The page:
I reckon the world as we know it will be ending shortly. I’ve felt this for some time now. I think it started back when I was a kid, but I first got a solid sense of it in 1988, when I was 23. What am I talking about here? The World War III notion that’s been kicking around since the 1950s? Not really, no. The biblical Apocalypse/Armageddon idea that was supposed to happen in the year 2000? Perhaps, but not exactly. How about the ecological meltdown that the environmentalists have been warning us is due any day? Entirely possible, but I’m not sure. In fact, I really have no solid sense of the actual nature of this event. I just know it’s coming. Furthermore, I think I know when it’s coming. Sometime around 2012. I know I’m not the only person in the world to believe that – there’s an entire sub-culture of people out there that have a thing about 2012. I’m not really one of them. As I said, I’ve felt like this since at least the 80s, probably the 70s. There was no such sub-culture around back then, nor do I exchange ideas with such people. This is just me. Read on »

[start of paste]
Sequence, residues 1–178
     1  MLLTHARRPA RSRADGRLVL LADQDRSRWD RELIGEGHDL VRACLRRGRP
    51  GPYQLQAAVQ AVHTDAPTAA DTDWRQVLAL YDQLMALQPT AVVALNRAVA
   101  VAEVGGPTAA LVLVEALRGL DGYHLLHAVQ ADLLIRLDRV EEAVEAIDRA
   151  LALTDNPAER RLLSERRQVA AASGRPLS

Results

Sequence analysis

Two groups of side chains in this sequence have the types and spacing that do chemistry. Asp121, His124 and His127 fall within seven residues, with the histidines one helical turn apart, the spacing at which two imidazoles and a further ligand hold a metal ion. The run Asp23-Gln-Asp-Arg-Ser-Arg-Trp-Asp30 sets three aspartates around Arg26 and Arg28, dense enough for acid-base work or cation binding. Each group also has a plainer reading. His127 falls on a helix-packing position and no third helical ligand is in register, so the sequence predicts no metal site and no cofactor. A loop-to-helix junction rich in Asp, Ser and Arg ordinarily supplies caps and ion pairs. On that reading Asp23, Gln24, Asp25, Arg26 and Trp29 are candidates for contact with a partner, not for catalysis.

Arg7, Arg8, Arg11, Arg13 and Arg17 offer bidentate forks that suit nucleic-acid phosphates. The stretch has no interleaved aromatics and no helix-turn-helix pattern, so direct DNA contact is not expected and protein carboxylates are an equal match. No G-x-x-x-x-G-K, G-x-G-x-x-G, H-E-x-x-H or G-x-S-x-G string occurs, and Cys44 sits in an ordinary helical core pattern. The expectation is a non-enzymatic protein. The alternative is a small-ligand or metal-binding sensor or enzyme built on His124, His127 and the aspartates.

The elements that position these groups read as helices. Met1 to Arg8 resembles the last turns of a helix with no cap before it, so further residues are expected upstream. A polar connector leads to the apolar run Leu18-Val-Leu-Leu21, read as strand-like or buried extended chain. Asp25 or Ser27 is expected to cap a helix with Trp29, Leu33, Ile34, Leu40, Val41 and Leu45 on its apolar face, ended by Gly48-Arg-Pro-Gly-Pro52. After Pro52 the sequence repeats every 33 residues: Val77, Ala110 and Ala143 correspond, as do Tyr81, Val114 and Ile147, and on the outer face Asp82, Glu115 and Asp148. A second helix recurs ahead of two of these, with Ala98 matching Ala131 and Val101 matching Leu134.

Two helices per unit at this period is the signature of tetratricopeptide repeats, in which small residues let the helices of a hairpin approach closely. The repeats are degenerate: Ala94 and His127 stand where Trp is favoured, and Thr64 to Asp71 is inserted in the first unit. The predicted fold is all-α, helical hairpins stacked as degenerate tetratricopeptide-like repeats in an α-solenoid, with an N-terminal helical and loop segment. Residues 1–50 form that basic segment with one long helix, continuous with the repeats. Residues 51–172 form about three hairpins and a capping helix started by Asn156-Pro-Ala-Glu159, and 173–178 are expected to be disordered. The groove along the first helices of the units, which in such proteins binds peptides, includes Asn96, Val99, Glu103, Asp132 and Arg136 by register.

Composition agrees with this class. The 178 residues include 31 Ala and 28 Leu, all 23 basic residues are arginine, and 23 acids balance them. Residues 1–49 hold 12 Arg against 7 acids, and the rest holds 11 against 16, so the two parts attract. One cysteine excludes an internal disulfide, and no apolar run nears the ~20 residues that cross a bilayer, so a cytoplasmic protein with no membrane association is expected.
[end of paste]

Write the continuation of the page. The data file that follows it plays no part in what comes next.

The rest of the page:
Expectations are the Root of all Unhappiness

Published on Sunday, May 1st, 2005